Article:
One foot on the Pedal, the other on the Brake
Speaking at the Annual General Meeting of the Hermanus Business Chamber on Thursday 17 May, Dr Bruggemans said: “There is a long list of things where you discover that one foot is on the pedal and the other foot on the brake, and we’re even putting the handbrake on while trying to accelerate – not really a combination where you’ll get much speed.“
He said the current economic climate is a complex issue. So many things are happening, and we have no idea as to the kind of surprises which still lie ahead of us. “The question is: do we have reason to be comfortable, or should we be asking serious questions as to how careful we should be in the times ahead of us?“
He explained that we were also drawn into the aftereffects of the massive Anglo-Saxon banking crisis three years ago, combined simultaneously with huge problems in Europe. These factors affected us even though they are some distance away, and the economic problems which are playing out internationally will take many years to be addressed .
“We ended up in a serious recession as other countries were, which affected us similarly. We have begun to recover, but we are still in cruising mode, essentially still underperforming, but doing so quite steadily, showing some improvements, some growth and some gains.“
The growth factor of the economy is somewhere in the region of 3%. There seems to be consistency in that. What we are experiencing should continue, but we do not have reason to expect that this will accelerate.
“Domestically we tend to do things which make it difficult for ourselves, especially politically, but also in the way that the Government and Public Sector plan or at times, don’t plan. We’ve discovered some headwinds in the system: we have run out of electricity, we’ve run out of rail capacity for exports, the government has become a lot more intense, making it increasingly difficult for businesses. The banking system has reinvented the rules and criteria for credit, which is negatively affecting key sectors of the economy such as the building industry.
In forecasting a 4 or 5-year review, Dr Bruggemans said: “The best you can get is that which you have. Things could go wrong and the world could go into spasm again, sideswiping us as in 2008 by international events.”
“It seems as if the problems in the United States and Europe may take up to 10 years to recover. China is also going into a slowing phase, adjusting to the prevailing economic climate. The commodity super-cycle is slowing down after 10 years of accelerated growth. The demand worldwide is slowing down and prices are falling.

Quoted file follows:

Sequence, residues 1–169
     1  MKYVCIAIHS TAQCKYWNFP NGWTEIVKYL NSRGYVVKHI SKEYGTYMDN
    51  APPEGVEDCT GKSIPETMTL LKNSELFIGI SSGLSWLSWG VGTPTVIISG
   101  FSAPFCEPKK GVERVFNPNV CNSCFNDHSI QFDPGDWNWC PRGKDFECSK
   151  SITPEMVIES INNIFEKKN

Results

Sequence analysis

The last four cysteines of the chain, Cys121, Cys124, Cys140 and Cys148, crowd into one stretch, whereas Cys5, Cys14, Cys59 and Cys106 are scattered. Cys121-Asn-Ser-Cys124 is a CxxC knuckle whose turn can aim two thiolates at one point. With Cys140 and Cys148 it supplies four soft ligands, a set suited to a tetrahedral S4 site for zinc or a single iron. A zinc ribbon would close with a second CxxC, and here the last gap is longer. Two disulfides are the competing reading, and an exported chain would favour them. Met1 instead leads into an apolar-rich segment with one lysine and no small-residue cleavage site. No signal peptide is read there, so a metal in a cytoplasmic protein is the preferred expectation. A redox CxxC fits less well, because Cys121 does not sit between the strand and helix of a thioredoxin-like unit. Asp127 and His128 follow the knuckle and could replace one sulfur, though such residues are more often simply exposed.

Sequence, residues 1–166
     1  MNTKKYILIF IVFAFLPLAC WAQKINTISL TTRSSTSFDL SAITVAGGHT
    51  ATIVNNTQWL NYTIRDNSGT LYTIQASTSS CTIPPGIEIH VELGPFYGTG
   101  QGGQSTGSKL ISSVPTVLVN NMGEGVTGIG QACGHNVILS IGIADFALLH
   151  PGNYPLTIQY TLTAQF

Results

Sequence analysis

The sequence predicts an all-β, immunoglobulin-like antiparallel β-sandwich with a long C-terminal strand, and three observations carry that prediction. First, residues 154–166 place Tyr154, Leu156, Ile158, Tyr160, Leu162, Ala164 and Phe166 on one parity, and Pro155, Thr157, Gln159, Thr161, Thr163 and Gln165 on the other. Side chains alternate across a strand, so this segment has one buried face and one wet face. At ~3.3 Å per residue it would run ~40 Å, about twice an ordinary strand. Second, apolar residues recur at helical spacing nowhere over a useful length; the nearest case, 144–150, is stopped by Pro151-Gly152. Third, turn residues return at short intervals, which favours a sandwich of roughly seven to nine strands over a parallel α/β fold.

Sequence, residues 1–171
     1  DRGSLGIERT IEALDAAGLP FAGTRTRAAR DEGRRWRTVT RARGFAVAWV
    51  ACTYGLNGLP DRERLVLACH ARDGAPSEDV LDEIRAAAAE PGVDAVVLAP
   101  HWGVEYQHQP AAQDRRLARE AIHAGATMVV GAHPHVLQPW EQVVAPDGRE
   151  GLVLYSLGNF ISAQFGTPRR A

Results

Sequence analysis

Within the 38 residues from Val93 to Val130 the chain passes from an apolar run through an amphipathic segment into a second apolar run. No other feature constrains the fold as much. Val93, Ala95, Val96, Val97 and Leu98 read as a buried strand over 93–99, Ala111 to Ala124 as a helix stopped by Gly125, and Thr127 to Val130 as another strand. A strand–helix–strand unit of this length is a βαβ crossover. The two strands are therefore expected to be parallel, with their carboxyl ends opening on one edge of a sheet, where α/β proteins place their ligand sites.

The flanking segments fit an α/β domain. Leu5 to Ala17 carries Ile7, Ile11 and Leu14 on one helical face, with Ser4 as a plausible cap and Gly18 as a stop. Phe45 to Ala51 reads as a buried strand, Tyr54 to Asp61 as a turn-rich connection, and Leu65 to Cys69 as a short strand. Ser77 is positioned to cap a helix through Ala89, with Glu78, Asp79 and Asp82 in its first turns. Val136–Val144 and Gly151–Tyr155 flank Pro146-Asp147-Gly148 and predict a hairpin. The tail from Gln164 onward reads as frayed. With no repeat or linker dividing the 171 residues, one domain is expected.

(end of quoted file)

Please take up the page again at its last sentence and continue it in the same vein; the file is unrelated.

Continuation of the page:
But the USA, Europe, China and the Middle East can bring surprises. Things can also turn out differently to that which we expected. The demand for oil has dropped with a commensurate drop in price - and this against expectations.
All these factors can make a difference to the Rand’s value, our stock market as well as inflation and interest rates. It is difficult to forecast. You are literally dancing through a mine field without any idea of where the mines are.
“I have a very stable forecast which rests on very unstable foundations,” said Dr Bruggemans. “If I forecast 3% growth for the next few years, it is based on the current trends, but surprises may happen. We should be doing better, but we have these headwinds, and it will be a real surprise if we start to outperform. For the next 4 or 5 years things should basically continue the way they are currently. I also do not expect the Reserve Bank to lower interest rates for the next 12 -18 months. The Rand is fairly stable and should remain within reasonable ranges, say between 7-8 to the dollar – unless surprises come our way which could weaken the rand.”
The Reserve Bank is in neutral. It has lowered interest rates, maybe too much given the level of the inflation rate. The Economy is underperforming, and we should have a prime rate of 11%, not 9%. We can expect the Interest rates to remain unchanged this year and next year, provided the system continues to do what it is currently doing.
In the USA the 0% interest rate is expected to remain unchanged until at least 2014. In Europe the interest rates are currently 1%, and will probably fall even lower. If the big players worldwide are sitting at a static interest rate of 0%, then the little guys will also not rise.
“The world is so unstable and full of surprises, you can’t be too fixed about the level you are forecasting. We live in a very complex world - by far the most complex in 100 years. The good news is that our forecast is fairly stable, but be aware and cautious of risks, because things can change fast.”
The Hermanus Business Chamber is implementing a new strategy to try and improve the local economy, under the leadership of the new Committee appointed at the AGM, which was attended by more than 80 business managers.
From L to R: Hugh Jones, Gcobani Ndzongana, Joan-Anne Harris, Clinton Lerm, Thys Bester, Johan van Zyl, Mervin Milner, Jeanette du Toit, Archie Klaas
By Alta Pretorius